SERVER_NAME and SERVER_PORT on Pantheon

Learn how to work around SERVER_NAME and SERVER_PORT variables in your Pantheon Website Management Platform environment configuration.


Some code relies on $_SERVER['SERVER_NAME'] and $_SERVER['SERVER_PORT'] to construct URLs, either to "call itself" or to create URLs that are passed to third parties and expect to be routed back. This doesn't work well on Pantheon because the environmental data will be for ephemeral container data.

In general, you don't want your code to rely on this, but some extensions (themes, modules, plugins) give you no choice. In that case, you will need to modify the $_SERVER variable in your settings.php (Drupal) or wp-config.php (WordPress) file to ensure the right values are present.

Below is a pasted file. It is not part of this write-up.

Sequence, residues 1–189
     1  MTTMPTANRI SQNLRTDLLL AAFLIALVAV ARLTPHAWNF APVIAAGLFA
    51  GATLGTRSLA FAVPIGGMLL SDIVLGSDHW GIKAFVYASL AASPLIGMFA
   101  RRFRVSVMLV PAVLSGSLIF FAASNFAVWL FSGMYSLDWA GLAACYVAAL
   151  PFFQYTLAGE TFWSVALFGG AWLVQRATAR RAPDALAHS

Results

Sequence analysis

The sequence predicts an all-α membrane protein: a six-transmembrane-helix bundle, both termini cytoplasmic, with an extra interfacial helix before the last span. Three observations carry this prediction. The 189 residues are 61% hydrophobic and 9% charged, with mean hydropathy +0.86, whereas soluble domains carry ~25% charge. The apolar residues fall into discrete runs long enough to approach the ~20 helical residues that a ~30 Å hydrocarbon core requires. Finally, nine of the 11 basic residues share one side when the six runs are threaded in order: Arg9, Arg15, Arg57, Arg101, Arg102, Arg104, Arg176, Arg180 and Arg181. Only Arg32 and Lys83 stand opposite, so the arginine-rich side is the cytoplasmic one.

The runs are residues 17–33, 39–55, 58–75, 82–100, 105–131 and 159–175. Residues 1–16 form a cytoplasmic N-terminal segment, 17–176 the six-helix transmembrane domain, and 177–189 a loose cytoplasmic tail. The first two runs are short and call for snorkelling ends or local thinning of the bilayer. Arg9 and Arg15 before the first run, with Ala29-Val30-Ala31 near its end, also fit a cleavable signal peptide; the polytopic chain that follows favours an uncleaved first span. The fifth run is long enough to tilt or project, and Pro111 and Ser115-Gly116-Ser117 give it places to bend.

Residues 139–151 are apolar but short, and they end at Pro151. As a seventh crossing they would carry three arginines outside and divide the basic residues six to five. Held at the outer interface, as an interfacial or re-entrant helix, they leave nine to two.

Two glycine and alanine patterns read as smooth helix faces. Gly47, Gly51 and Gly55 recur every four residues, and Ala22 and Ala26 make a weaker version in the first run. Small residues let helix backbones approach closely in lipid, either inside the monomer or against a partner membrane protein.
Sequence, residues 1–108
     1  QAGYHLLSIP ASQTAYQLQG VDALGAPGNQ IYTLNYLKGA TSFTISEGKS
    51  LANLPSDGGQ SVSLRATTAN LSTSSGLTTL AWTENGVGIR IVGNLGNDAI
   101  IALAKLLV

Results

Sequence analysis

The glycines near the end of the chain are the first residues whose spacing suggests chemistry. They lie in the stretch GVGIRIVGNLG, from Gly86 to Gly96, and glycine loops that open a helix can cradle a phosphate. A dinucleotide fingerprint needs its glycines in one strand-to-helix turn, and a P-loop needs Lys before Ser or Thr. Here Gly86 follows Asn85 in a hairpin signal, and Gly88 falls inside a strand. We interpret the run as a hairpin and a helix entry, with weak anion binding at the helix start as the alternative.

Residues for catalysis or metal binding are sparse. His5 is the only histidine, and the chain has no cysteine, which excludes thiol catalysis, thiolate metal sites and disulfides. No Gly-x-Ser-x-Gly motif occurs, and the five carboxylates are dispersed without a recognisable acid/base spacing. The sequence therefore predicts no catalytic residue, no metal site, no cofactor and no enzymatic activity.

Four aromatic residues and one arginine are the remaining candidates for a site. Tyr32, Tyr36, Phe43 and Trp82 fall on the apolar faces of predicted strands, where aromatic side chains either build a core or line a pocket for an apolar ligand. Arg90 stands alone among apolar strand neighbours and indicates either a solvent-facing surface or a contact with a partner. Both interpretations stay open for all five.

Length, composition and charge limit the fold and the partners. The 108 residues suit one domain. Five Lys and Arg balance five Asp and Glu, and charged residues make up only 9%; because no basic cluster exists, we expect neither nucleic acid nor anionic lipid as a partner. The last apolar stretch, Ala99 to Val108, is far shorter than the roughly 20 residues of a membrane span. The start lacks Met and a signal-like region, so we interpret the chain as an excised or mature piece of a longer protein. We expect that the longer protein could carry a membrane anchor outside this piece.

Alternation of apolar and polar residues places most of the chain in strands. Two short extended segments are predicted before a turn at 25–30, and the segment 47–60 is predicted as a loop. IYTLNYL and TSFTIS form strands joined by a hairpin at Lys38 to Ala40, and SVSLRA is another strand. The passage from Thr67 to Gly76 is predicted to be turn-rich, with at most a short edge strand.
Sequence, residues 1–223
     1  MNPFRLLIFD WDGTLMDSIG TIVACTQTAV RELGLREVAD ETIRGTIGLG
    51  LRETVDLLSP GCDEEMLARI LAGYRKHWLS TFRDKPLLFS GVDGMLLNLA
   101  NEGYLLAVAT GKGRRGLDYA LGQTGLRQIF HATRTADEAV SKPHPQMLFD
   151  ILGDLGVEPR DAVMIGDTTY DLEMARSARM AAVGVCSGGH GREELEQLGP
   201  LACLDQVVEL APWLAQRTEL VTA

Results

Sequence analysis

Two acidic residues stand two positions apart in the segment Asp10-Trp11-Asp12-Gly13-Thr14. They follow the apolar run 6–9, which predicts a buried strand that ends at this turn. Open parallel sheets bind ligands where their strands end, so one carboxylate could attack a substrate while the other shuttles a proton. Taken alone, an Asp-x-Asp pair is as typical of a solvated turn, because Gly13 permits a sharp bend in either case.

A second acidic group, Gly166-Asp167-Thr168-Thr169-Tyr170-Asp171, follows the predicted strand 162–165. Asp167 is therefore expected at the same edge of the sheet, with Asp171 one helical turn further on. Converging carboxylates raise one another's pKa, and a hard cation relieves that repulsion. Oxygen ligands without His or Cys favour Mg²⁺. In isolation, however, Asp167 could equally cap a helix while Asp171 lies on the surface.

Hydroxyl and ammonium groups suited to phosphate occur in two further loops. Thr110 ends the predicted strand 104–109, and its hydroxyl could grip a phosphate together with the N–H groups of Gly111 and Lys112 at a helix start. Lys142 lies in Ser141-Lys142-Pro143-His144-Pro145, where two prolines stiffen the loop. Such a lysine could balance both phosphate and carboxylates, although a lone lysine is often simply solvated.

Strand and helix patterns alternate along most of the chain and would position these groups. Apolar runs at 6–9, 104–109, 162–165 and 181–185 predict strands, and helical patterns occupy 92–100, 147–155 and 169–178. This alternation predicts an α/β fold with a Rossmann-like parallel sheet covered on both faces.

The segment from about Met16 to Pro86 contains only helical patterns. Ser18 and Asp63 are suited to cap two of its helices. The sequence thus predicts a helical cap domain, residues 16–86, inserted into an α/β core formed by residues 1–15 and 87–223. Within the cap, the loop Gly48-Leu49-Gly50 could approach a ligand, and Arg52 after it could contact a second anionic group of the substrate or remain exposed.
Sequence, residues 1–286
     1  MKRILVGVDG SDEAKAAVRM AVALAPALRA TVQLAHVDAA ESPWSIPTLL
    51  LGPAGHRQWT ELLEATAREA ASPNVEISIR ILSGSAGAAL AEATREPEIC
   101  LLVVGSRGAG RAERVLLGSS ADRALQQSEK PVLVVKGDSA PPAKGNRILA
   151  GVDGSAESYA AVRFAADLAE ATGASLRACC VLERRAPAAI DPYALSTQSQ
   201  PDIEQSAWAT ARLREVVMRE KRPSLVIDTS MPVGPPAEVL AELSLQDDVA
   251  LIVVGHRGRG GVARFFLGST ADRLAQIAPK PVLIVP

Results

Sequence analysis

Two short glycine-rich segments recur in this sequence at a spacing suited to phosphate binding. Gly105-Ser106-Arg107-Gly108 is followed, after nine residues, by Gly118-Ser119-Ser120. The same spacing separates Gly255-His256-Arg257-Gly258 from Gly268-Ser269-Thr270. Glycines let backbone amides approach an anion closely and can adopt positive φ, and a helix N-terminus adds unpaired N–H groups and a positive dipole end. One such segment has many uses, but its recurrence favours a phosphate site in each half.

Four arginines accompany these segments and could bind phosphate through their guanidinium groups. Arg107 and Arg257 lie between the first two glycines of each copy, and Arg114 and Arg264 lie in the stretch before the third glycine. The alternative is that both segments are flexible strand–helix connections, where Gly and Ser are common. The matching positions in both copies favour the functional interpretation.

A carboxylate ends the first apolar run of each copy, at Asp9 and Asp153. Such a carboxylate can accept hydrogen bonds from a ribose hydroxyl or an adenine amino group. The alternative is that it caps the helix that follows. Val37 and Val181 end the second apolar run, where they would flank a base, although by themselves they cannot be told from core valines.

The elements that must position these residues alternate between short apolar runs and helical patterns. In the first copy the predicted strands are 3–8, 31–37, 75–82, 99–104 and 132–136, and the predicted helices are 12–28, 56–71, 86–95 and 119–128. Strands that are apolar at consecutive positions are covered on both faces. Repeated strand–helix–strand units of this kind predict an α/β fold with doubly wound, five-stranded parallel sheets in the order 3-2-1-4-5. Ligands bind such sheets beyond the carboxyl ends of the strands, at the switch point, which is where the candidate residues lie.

Use HTTP_HOST Instead of SERVER_NAME

HTTP_HOST is generated dynamically based on the current request, while SERVER_NAME is static. If the $_SERVERvariable is set to 'SERVER_NAME', the URL generated for a request will be something similar to https://endpoint05ccd237.chios.panth.io instead of the intended https://yourdomain.com.

Adding the following code will pass the correct value when 'SERVER_NAME' is used:

$_SERVER['SERVER_NAME'] = $_SERVER['HTTP_HOST'];

While this fix does correct symptoms such as undesirable URLs, we recommended replacing all instances of 'SERVER_NAME' with 'HTTP_HOST' directly (e.g. WP_HOME and WP_SITE for WordPress).

Set SERVER_PORT Correctly

The following is as an example of how to successfully assign a port value for nginx:

if (isset($_ENV['PANTHEON_ENVIRONMENT'])) {
  if (isset($_SERVER['HTTP_USER_AGENT_HTTPS']) && $_SERVER['HTTP_USER_AGENT_HTTPS'] === 'ON') {
    $_SERVER['SERVER_PORT'] = 443;
  }
  else {
    $_SERVER['SERVER_PORT'] = 80;
  }
}

Known Plugins/Modules Using SERVER_NAME